I recently wrote a blog post about listening with empathy while maintaining your sanity. But how can you do that if you don’t really understand the difference between sympathy and empathy? So let’s take a moment to define them both and garner a better understanding of how they can apply to your life.
The Dictionary definition of the word Empathy means: the ability to understand and share the feelings of another.
While the Dictionary definition of the word Sympathy means: feelings of pity and sorrow for someone else’s misfortune.
So, as a practitioner who just shared how I am able to empathize with someone while maintaining an emotional distance, you may be asking how I can do that while sharing the feelings of another person? In order to understand and share the feelings of another person, you most likely have to have experienced those feelings yourself at some point in time in your life. Most people experience many of the same emotional ups and downs throughout their life, whether it’s an argument with a family member, friend or co-worker, frustrations over being overlooked for a promotion or a job, feelings of insecurity and inadequacy, ultimately, most of the emotions we experience as individuals are ubiquitous.
As a result, when a client shares with me about something going on in their life, I am most likely able to draw on an experience I have had and share with them the details about that experience. I am able to convey the way I felt about my own situation and how I dealt with it. This is empathy. Having the ability to understand and then share in the feelings of others. I don’t have to take on their emotional state to recognize and validate what they are going through. But I can help them to realize they aren’t alone in their feelings and experiences.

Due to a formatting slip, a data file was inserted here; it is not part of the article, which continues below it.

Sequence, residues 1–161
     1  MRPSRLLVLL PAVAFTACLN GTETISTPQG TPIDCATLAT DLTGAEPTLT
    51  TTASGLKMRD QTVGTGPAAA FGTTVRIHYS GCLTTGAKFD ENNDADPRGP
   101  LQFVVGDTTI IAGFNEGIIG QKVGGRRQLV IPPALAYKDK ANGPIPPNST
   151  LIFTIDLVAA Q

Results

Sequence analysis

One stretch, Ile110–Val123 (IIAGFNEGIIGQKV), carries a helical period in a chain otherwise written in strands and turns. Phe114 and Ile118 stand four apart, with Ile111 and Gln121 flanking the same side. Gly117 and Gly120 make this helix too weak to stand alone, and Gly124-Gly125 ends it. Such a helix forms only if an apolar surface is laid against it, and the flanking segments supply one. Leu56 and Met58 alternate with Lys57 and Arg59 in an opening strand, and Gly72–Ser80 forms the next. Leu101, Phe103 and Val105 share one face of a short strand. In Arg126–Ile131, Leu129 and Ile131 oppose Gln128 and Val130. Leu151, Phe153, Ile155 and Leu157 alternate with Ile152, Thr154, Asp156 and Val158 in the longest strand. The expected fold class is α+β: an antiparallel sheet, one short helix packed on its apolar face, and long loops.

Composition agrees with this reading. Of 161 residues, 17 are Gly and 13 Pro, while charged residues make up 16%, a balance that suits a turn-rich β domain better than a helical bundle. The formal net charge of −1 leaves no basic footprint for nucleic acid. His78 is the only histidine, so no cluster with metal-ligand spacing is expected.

Between the ability to express themselves fully, answer pointed questions I ask, and absorb what they are able to take from my own experiences, my clients often leave our sessions feeling heard. Feeling valued. Feeling like they understand their next steps.
When someone experiences something truly tragic, like the loss of a partner or child, the depth of this emotion is not something I would ever imagine to fully share and understand. Thus, I can offer empathy through the loss of my dad, but merely sympathy regarding their own personal loss. Gratefully, I haven’t had to experience such loss or pain in my life. Sometimes sympathy is all someone needs to get through the day. They need a shoulder to cry on. A hug so hard they remember they are still alive. An ear to bend. They don’t need empathy from you. They don’t need you to talk. They just need you to listen or to just be. They just need you.
The acts of empathy and sympathy can be difficult for some people. It doesn’t come naturally to everyone. My next blog entry on this topic will address simple, but effective things you can do to express empathy or sympathy that will help make the other person feel supported.